Sanjay Kumar, president and CEO of CA, says there is an information gap between security-software defenses and physical access points in the enterprise today, and that the two sides must be joined. "There was no technology in the world that brought them together," Kumar says, "and that's one problem we wanted to solve."

The new eTrust solution features real-time and playback graphical interfaces, along with high-end visuals that can display an enterprise's building design and security-checkpoint layout, for example.

CA says it will introduce a 20/20 certification standard for technology vendors and solution providers in the near future. The 20/20 engagement model will involve a CA engineer being on-site with the customer for 90 days to help install and customize the solution and train security administrators.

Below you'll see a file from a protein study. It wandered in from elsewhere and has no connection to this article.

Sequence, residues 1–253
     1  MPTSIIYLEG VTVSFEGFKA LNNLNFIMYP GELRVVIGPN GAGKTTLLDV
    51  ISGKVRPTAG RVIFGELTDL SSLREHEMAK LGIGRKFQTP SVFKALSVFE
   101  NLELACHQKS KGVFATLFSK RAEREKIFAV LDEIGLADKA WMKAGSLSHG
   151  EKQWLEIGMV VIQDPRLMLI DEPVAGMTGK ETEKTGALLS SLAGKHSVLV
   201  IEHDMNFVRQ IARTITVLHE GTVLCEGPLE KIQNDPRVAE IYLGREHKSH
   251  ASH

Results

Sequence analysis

Michelle Drolet, CEO of Conqwest, a Holliston, Mass.-based solution-provider partner, sees promise with eTrust 20/20. Her company started out in 1993 specializing in antivirus and firewall deployments, but has since expanded to other areas. "Security isn't just about firewalls and antivirus," Drolet says. "It's [about intrusion-detection, network management, remote management and policy management now."

CA officials say once the product is made available later this year, eTrust 20/20 will be its first product to be sold exclusively through CA's new short-term subscription licensing model, which replaces multiyear licensing agreements.